That above is the Corn Maze in Fremont. We waited for about an hour, with glow sticks in hand, and then got turned away at the door. This was the second attempt to go, too. Yes, an act in futility, but a lot of fun standing around joking with new friends, and old friends, and watching random kids play without any external aid- like the one kid that literally stood on a rock for the hour, dancing around and balancing. Had a conversation with a 10-year old behind us on the merits of the iPhone (he offered me $3 for mine).
This evening was one of those amazing days in the city where I absolutely love living here. Ran into two cool people on some errands walking (love a walking city!) through downtown, then happened upon First Thursday!
– Past Tents at Calif. History Museum
– MOMA, Olafur Eliasson’s exhibit, “Take Your Time”– I’ll visit this one again, Matisse, and Joseph Cornell’s shadow boxes, very cool.
Day one of writing: only 520 words, 1147 less than my daily goal, but still a solid start. Follows below. It’s hard going, I’m not used to writing. Need to get a better schedule too.
Beer & Chocolate
73 mph, her car stalled. Liz turned the ignition and the engine caught, silent almost as the noise from the wind filled her Civic. She felt stabbing pain in the back of her eye as they slowly adjusted to the headlights drawing patterns on each broad sweep of 280. Oak trees, squat and wide on the side of the road, woke up in her headlights, shocked at the interruption. Or, used to it, like hookers on Larkin, used to the attention all night, every fifteen minutes or so. 2am heading north to San Francisco, she sang loudly to stay awake. Nirvana, Polly Wants a Cracker, thinking of Courtney Love and prostitution. It was all so grim. The car stalled two times more on the way home. Each exit was a story in her mind, nostalgia, memories, hopes, dreams, just exits, she reminded herself, everything is not a story about ME. But the examined life, she replied to herself.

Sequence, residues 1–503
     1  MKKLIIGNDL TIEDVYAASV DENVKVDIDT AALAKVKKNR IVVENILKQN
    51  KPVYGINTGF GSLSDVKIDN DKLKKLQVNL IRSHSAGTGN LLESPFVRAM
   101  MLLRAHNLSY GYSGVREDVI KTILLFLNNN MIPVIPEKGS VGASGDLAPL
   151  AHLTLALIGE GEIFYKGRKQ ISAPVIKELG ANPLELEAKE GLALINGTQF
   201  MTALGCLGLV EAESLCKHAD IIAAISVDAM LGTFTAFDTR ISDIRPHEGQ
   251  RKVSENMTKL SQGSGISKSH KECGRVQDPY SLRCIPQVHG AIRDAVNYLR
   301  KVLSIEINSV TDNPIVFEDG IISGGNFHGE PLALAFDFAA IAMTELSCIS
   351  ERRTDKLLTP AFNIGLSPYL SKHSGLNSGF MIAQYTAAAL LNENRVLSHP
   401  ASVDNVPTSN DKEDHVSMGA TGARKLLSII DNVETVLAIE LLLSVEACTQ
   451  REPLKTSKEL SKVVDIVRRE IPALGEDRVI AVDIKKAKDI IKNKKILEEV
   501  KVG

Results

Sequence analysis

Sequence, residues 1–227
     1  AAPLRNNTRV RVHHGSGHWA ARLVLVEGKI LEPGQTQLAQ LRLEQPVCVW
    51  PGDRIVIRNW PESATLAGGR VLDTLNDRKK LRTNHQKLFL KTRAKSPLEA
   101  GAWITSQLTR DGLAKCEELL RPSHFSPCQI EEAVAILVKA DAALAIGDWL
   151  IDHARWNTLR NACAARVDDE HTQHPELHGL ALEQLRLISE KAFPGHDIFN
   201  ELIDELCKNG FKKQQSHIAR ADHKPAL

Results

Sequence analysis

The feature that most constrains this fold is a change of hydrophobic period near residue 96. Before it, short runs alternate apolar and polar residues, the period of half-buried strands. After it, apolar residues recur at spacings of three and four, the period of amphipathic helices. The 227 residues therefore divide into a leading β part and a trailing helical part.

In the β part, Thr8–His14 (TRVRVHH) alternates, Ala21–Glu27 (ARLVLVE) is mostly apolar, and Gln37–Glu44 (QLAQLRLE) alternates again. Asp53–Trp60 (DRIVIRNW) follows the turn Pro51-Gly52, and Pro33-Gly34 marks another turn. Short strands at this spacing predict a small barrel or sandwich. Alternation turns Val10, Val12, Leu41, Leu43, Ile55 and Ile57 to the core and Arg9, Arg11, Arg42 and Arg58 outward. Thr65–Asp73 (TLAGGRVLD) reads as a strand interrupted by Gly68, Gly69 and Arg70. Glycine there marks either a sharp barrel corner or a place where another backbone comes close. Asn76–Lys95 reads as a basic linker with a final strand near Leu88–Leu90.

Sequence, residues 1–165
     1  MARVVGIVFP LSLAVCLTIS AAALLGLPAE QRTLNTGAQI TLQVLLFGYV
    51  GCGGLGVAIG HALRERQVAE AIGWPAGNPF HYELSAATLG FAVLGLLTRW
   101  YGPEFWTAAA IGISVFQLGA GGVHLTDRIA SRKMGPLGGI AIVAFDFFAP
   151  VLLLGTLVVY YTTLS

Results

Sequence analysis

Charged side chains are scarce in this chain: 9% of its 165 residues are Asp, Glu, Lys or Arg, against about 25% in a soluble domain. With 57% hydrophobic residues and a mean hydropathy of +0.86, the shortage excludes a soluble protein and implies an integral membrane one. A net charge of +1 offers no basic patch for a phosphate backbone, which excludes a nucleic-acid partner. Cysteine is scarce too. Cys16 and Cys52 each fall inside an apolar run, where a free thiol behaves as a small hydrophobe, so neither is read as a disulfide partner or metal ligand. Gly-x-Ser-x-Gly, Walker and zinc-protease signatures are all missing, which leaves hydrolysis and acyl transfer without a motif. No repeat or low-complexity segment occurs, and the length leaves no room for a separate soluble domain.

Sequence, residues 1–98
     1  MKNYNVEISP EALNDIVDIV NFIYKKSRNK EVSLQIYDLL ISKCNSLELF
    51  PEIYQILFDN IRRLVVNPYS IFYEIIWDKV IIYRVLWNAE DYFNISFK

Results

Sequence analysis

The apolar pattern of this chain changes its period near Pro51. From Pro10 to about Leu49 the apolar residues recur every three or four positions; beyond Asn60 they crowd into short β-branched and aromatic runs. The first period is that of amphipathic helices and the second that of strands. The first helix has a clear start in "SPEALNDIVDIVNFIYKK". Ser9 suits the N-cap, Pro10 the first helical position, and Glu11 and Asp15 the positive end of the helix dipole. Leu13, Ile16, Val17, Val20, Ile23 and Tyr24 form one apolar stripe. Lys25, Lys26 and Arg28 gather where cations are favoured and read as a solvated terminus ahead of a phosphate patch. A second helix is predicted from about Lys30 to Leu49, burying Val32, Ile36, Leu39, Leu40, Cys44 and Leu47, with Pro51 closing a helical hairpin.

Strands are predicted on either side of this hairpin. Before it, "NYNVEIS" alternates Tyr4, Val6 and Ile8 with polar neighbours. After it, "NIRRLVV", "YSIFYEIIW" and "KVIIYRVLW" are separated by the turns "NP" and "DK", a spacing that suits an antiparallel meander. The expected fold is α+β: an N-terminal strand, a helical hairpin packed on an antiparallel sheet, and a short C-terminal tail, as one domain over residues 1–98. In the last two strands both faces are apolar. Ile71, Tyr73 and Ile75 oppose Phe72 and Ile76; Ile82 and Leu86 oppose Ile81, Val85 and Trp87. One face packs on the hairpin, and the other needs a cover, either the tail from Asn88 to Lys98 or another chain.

Next morning she walked up to Bob’s Auto Shop, intending to talk to John, the owner. Nobody ever explained who Bob was. Guy working on the cars didn’t speak English, and her Chinese was child-like, so they just smiled and she issued little sayings. John here? When back? Car stalls. Tomorrow? OK 4pm. She wanted a reward for having a Chinese conversation. A gold star, or maybe a chocolate bar. She hopped on the 30 Stockton bus downtown.
Slipping into a meeting she had forgotten about, she relaxed, each muscle sinking into the ergonomic chair, her hands folding around a hot cup of tea. Corporate droning voices soothed her like a high priced spa. She was home, Fred curled up against her, she felt his arms reach around…
“Liz?” Melanie, her boss asked from the PowerPoint.
Liz looked up and saw all the faces around the conference table turned towards her. “Right, I was just wanting to say something, earlier …” she droned on about a thought she had in the shower that morning.
Melanie, and the others, listened, and continued on the topic they had started beforehand. Afterwards, Liz and Melanie stood outside the building at the espresso stand.
“What’s this?” Melanie flicked at Liz’s shirt.
“I don’t know, grease? Went to the mechanic this morning. My car keeps stalling.”
Melanie rolled her eyes. “Please tell me at least there’s someone hot at your mechanic.”
Liz thought of the Chinese guy, he was tall, had spiky hair, from grease not hairspray, and a kind of big goofy smile. “Even if the mechanic was hot, I sound like a 4-year-old in Chinese.”
“You talk to your mechanic in Chinese.”
“I admit, I can’t understand him, but what do you say to a mechanic? The same things each time. I swear, the more I learn a language, the more I realize how much we communicate without language. Look at you, just your eyebrows say everything.”
Melanie arched a brow, furrowed her brow, then moved her brows like Groucho Marx. “That’s it, that’s all I can do.”
Liz laughed, then spit out her latte. “Outh, I burned my thonge. Fuck.”